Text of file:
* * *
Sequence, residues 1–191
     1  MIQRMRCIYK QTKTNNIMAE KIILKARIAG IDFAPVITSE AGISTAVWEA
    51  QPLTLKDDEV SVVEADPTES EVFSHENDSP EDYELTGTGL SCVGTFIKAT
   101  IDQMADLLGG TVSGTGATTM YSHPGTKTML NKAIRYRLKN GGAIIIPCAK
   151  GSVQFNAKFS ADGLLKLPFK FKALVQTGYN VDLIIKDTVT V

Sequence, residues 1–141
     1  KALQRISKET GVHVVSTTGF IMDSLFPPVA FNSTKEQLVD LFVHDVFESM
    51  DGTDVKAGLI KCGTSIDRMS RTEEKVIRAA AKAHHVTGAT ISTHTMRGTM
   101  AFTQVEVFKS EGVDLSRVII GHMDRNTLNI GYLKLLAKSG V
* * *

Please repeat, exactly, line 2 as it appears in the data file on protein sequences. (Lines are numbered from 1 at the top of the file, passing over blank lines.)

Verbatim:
     1  MIQRMRCIYK QTKTNNIMAE KIILKARIAG IDFAPVITSE AGISTAVWEA